Stewart R: The World’s Most Wanted wagon rolls on through the clouds of Dark Reign and this issue covers all three fugitives - Tony Stark, Pepper Potts and Maria Hill - as they try to outwit Norman Osborn and various other parties with despicable intentions. Stark and Hill’s adventures are exciting and handled with a much needed urgency - Tony’s constant analysis of his surroundings and situations as his faculties begin to fail him is bolstered by Larroca’s almost cinematic panels which ooze speed and danger, while Hill’s escape from the Controller delves a little further into the former head of SHEILD’s past and is set against a delicious palette of dark reds and oranges. The big drag on the issue is the Potts storyline which doesn’t seem to have Osborn making the smartest of decisions considering his aims and intentions, and the fact that he has Stark’s right hand in custody AND she’s tooled-up in active Stark-tech! Fraction may explain the Osborn choices made here next issue but I’m thinking a ball was dropped on this occasion, albeit only one the size of a marble. 6/10

Writer: Jeff Parker
Art: Gabriel Hardman & Clayton Henry
Marvel $2.99

Matt C: I really want to get behind this book because I enjoy the characters involved, and I know that’s largely down to Parker’s reinterpretation of them for the 21st century…. but the plotting was kind of confusing here meaning I found it difficult to get fully engaged with the story. There are moments that made me smile but unless the title acquires more cohesiveness then I can see myself parting ways with it in the not too distant future. Which would be a shame. 5/10

Writer: Daniel Way
Art: Paco Medina & Juan Vlasco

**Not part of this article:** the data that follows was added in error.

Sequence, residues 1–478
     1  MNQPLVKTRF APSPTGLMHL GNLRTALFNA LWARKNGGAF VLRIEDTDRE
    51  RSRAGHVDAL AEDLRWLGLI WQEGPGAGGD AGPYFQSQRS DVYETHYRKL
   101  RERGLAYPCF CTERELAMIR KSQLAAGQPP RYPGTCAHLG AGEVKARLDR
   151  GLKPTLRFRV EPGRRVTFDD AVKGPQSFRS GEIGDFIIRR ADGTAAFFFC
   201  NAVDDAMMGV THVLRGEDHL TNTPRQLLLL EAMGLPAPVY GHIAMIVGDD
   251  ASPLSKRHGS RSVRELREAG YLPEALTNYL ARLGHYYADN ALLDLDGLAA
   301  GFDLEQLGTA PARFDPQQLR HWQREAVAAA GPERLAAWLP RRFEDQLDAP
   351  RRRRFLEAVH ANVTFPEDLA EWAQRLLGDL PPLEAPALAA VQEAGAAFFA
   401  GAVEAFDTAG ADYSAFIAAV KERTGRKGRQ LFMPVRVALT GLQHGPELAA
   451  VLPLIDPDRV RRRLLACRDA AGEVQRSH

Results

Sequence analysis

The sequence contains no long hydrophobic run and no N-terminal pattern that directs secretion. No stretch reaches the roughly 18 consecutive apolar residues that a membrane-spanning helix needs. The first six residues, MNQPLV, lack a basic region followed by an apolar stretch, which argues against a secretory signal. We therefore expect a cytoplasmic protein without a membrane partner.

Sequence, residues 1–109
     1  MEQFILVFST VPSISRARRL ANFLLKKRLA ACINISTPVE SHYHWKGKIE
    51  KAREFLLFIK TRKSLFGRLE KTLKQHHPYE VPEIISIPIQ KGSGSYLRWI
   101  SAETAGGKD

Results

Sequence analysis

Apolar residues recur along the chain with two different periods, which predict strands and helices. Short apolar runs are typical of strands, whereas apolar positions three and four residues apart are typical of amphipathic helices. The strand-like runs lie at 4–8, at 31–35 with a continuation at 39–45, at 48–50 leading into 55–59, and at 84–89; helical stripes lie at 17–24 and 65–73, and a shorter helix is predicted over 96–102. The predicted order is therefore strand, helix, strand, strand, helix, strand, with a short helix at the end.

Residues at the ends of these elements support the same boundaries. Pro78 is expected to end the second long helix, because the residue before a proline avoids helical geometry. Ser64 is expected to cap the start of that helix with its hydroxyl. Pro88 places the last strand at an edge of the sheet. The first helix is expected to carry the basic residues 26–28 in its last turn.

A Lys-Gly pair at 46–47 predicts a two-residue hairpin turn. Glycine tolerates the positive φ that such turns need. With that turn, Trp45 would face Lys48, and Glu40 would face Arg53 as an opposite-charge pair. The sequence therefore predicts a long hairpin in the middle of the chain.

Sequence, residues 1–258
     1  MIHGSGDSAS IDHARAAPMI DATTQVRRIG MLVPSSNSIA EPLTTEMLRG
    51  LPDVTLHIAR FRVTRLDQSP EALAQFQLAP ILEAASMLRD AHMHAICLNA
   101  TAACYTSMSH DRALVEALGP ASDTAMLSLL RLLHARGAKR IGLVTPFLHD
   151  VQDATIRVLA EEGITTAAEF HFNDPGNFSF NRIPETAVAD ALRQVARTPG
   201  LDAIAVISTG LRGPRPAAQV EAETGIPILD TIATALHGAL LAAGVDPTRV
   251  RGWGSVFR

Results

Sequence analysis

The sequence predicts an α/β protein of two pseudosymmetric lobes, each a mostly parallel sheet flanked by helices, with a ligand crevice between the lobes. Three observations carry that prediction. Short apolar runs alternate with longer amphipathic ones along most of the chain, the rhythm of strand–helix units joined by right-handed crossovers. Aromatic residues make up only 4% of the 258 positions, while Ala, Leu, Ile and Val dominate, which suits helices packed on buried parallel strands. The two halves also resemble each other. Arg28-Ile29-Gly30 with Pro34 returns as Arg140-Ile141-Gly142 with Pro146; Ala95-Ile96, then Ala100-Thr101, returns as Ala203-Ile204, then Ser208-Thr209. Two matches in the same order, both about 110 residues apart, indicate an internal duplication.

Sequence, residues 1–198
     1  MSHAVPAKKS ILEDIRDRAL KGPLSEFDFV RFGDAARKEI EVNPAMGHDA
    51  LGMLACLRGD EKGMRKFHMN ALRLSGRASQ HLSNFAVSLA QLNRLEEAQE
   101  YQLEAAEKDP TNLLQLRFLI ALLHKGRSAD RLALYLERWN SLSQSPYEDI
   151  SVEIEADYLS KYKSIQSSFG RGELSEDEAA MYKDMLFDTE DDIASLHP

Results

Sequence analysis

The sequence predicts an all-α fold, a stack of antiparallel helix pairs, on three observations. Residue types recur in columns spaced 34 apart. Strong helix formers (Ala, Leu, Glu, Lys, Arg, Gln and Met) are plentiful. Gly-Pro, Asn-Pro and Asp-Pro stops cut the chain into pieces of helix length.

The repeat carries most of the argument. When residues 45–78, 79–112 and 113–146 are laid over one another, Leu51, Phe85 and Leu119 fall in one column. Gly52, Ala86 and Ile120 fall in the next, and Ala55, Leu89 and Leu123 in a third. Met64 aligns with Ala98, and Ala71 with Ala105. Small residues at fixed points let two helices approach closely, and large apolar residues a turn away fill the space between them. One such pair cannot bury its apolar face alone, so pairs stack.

Marvel $2.99

Stewart R: Daniel Way and Paco Medina just don’t stop the goodies coming! They came out of the Magnum Opus crossover clear winners over Diggle and Co at the Thunderbolts title and now they’ve delivered another belly-achingly funny issue. With Deadpool still sore towards Norman Osborn’s part in Secret Invasion and vice versa, the battle between Head of H.A.M.M.E.R and Merc With The Mouth continues unabated as the new Hawkeye is sent to put an end to our anti-hero once and for all. While there’s less psychological craziness here – luckily we can take comfort in the fact that the ‘voices’ aren’t gone for good – the great lines and fun banter still shine through and the initial throwdown between Deadpool and Hawkeye/Bullseye is superbly handled by artist and writer. If you haven’t gotten onboard with this title yet I highly recommend that you take a look. 8/10

Matt T: If Deadpool's only task in Dark Reign is to piss off Norman Osborn, then count me in! While everyone else has seemingly either stopped caring or given up trying to knock the Goblin off his perch, Wade Wilson is doing a sterling job of making him look like a right tit. It's the usual removable fourth-wall stuff from Daniel Way, but he at least throws some decent enemies the way of the Merc With A Mouth which in this case is Bullseye/’Hawkeye’. Paco Medina certainly keeps the more cartoonish tendencies to his art under check until the situation calls for it, so let's hope the duo can keep Wade Wilson in check for a little while to come. 8/10

Writer: Mark Waid
Art: Peter Krause
Boom! Studios $3.99

Matt T: The mystery of the first issue was why the world's greatest hero suddenly became a walking, flying apocalypse. Issue 2 doesn't solidly confirm anything, but the reasoning is far clearer as his human friends suddenly turn when shown the Plutoian's true identity. Unsurprisingly this pisses him off a fair amount, as does his girlfriend's distrust. Although this may not be the sole reason for him destroying the majority of the planet it would be damn near good enough for me. Still, the future looks bleak, but entertaining, and impressively put together by Mr. Waid. 8/10

Matt C: Really strong work from Waid here as this issue we see a different interpretation of the classic Lois & Clark relationship. It’s a neat twist, and probably more believable than way things played out in the DC Universe, which just goes to show that, while we’ve seen tales of superheroes-going-bad before, rarely have they been presented to us by someone who implicitly understands the genre as well as Waid does. 8/10

Writer: Jesse Alexander
Art: John Paul Leon
Marvel $3.99